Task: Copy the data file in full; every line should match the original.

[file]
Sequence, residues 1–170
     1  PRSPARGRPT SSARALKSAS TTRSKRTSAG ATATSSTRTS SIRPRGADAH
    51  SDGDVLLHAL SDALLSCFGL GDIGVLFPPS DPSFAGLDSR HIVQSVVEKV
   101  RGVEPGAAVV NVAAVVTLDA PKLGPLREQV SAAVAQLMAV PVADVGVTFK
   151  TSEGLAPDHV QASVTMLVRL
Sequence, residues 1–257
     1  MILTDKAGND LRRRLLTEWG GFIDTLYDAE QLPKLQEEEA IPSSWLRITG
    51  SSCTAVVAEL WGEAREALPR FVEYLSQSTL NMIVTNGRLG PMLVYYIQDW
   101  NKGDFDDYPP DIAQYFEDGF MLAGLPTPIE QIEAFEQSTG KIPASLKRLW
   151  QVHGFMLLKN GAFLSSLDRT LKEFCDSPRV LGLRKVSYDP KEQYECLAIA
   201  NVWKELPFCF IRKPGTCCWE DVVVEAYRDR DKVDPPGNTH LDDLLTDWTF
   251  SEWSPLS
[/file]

Sequence, residues 1–170
     1  PRSPARGRPT SSARALKSAS TTRSKRTSAG ATATSSTRTS SIRPRGADAH
    51  SDGDVLLHAL SDALLSCFGL GDIGVLFPPS DPSFAGLDSR HIVQSVVEKV
   101  RGVEPGAAVV NVAAVVTLDA PKLGPLREQV SAAVAQLMAV PVADVGVTFK
   151  TSEGLAPDHV QASVTMLVRL
Sequence, residues 1–257
     1  MILTDKAGND LRRRLLTEWG GFIDTLYDAE QLPKLQEEEA IPSSWLRITG
    51  SSCTAVVAEL WGEAREALPR FVEYLSQSTL NMIVTNGRLG PMLVYYIQDW
   101  NKGDFDDYPP DIAQYFEDGF MLAGLPTPIE QIEAFEQSTG KIPASLKRLW
   151  QVHGFMLLKN GAFLSSLDRT LKEFCDSPRV LGLRKVSYDP KEQYECLAIA
   201  NVWKELPFCF IRKPGTCCWE DVVVEAYRDR DKVDPPGNTH LDDLLTDWTF
   251  SEWSPLS